Posted by: laughs4dads | April 12, 2010

Spring Breakage

I read recently in the New York Post (“All the News That Can Be Accompanied By a Photo of a Girl in a Bikini, We Print”) that Beth Holloway, the mother of Natalee Holloway, the high school senior who went missing in Aruba five years ago while on spring break, has joined forces with the Investigative Management Group (IMG) to start Mayday 360, an organization that promises to jump into action on behalf of parents at the first sign of trouble with children who are overseas.

That’s a nice mission statement, but it’s impossible to accomplish. Because the first sign of trouble is the kid being permitted to go in the first place.

Why would somebody in their right mind allow a high school kid to go to a foreign country with an 18-year-old legal drinking age? I mean, the best possible outcome you could hope for is that nothing worse will happen than your kid throwing up in her hotel room, which she is sharing with eight other kids who are also throwing up or out having sex with exotic locals.

Of course, many other outcomes are possible: they could be arrested buying drugs and end up in some horrible foreign prison like in the movie Midnight Express (for some reason, it would be a Turkish prison, regardless of what country they actually went to); they could wander into the middle of a drug war and be gunned down; they could contract some disease with no known cure and bring it back home and start a pandemic; they could get a really bad sunburn; they could wind up doing something embarrassing on MTV; they could be kidnapped by rebels (there are always rebels in these places); they could become a girl gone wild; they could fall in love with the exotic local they were having sex with and stay behind to start a family in a poverty-stricken area of some remote country with nothing but a small vegetable garden and a satellite dish; they could lose their passport or, worse, their iPhone; or, like poor Natalee Holloway, they could never be heard from again.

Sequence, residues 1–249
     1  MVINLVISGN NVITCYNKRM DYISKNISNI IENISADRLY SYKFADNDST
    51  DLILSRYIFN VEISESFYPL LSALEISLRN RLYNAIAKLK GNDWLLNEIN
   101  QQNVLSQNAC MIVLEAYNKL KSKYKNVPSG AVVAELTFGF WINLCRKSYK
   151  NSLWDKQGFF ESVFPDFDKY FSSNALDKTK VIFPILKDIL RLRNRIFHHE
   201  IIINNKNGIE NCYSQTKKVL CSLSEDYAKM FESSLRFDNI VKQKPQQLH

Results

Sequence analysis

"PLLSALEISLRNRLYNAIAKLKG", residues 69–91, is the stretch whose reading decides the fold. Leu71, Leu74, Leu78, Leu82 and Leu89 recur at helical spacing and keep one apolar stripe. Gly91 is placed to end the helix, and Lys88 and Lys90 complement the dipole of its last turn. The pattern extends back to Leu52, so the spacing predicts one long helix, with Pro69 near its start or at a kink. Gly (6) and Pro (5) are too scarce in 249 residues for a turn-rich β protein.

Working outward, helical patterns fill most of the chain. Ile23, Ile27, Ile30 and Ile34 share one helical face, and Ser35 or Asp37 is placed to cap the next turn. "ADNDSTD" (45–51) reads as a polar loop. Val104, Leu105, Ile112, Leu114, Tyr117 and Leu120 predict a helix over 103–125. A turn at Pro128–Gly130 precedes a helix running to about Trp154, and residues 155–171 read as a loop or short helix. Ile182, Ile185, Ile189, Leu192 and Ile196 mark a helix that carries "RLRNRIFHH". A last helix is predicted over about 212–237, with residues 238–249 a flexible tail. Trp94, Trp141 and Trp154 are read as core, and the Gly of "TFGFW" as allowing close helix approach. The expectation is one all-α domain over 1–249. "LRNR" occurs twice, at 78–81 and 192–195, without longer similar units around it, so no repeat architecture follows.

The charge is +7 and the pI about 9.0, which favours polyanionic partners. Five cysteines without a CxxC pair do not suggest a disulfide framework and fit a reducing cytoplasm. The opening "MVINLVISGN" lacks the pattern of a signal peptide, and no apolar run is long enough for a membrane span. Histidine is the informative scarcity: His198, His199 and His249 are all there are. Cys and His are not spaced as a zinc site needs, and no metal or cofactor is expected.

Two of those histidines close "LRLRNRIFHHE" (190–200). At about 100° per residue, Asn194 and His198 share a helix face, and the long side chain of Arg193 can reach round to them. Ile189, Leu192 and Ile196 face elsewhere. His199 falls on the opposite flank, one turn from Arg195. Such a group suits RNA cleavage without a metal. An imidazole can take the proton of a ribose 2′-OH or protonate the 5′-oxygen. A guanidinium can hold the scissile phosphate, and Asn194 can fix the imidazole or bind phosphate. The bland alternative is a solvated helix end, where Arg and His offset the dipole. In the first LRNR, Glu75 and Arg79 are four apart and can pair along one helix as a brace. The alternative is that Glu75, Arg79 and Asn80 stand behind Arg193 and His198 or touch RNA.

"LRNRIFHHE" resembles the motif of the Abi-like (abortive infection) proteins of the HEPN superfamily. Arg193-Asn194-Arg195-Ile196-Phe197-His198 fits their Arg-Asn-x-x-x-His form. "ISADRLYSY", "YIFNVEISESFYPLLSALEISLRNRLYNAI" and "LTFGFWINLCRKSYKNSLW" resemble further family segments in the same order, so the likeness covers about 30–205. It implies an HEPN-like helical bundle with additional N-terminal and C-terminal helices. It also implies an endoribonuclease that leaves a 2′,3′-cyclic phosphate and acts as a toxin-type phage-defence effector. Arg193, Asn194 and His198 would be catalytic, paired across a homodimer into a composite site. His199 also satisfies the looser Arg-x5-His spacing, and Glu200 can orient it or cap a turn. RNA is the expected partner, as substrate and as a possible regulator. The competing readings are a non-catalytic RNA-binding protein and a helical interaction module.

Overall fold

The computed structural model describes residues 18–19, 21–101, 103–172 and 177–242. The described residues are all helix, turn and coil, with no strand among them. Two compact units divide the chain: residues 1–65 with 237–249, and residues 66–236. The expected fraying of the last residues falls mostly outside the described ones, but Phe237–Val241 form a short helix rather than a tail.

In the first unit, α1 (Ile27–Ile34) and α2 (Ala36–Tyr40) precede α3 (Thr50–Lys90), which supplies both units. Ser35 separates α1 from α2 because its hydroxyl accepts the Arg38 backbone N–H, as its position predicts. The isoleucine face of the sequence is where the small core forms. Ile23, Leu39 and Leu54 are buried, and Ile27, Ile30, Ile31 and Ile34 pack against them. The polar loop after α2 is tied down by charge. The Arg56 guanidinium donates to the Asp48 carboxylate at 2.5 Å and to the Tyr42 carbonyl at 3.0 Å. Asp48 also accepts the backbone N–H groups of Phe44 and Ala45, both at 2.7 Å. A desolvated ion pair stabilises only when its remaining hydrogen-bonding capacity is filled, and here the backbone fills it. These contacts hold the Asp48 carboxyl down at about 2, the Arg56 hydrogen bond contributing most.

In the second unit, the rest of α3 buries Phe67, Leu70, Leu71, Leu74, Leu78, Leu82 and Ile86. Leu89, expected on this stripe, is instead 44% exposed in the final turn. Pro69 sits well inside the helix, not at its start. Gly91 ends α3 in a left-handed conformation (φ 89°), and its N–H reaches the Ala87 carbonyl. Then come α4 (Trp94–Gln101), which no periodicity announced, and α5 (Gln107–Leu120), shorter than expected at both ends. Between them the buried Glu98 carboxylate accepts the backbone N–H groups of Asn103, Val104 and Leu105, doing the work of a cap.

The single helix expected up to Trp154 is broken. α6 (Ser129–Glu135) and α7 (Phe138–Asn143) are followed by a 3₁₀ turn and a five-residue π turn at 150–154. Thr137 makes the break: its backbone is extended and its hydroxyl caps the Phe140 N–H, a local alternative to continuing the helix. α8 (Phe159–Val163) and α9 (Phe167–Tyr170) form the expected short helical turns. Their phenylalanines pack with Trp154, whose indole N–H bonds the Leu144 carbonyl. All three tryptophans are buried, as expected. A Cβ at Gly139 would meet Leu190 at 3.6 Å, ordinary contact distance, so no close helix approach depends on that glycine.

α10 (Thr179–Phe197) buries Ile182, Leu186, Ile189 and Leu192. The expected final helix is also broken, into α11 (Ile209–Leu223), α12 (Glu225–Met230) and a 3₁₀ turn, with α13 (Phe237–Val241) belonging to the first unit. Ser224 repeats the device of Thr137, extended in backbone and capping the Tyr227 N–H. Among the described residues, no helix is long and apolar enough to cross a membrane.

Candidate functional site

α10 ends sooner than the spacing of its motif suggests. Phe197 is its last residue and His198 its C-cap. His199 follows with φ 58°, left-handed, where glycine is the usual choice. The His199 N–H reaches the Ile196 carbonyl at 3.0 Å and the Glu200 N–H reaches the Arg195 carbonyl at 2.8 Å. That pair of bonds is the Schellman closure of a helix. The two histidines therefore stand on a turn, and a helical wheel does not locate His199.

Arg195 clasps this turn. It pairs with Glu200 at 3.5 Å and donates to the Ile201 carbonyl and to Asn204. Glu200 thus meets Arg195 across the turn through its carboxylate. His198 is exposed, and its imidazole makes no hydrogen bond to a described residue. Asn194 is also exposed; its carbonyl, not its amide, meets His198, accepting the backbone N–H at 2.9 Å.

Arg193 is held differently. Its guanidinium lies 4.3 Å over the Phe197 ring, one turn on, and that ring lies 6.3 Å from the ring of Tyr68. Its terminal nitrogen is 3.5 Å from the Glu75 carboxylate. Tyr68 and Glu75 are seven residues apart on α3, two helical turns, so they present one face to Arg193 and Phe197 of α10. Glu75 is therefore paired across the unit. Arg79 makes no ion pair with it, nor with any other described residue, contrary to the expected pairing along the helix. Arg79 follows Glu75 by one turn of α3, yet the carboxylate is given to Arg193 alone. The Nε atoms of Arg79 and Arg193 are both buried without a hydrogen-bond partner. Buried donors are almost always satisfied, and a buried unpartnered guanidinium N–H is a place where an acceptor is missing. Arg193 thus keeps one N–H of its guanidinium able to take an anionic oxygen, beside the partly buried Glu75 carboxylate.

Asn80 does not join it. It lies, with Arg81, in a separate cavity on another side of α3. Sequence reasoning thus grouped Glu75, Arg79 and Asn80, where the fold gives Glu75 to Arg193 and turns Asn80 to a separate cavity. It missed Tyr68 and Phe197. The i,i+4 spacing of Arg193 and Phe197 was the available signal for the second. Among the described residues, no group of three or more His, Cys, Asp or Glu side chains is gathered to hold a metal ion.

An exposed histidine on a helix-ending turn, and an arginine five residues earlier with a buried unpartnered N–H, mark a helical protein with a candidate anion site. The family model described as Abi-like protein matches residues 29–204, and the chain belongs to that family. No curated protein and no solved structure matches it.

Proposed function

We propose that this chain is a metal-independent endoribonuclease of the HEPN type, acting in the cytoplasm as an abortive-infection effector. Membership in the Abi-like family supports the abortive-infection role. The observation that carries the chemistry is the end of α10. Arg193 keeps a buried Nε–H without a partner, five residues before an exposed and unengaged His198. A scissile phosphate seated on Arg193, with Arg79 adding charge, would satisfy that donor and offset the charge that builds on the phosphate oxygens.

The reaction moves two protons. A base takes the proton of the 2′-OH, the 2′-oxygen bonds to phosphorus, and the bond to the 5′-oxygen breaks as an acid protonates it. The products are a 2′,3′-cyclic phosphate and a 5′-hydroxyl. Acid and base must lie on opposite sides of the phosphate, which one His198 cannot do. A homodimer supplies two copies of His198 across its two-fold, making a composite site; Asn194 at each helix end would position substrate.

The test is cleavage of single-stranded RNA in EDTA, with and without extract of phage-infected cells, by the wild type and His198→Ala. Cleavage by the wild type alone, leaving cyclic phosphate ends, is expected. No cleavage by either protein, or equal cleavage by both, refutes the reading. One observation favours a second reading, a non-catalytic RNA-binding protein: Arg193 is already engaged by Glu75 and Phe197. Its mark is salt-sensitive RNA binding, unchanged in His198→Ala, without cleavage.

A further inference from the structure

In fact, way down on the list of possible results of letting a high schooler spend spring break in a foreign country is that they come back totally unscathed.

So here’s my advice to IMG’s new Mayday 360 Group: if you want to intervene at the first sign of trouble, show up at the teen’s house just as the parent is saying “Sure, you can go,” and shout, very loudly into the parent’s ear: “ARE YOU CRAZY?”

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Responses

  1. Oddly enough, this post reflects my opinion on Spring Break trips very accurately. Of course, several of the possible outcomes are just as possible (and likely) even if the beach the kid winds up at is still located in the United States.


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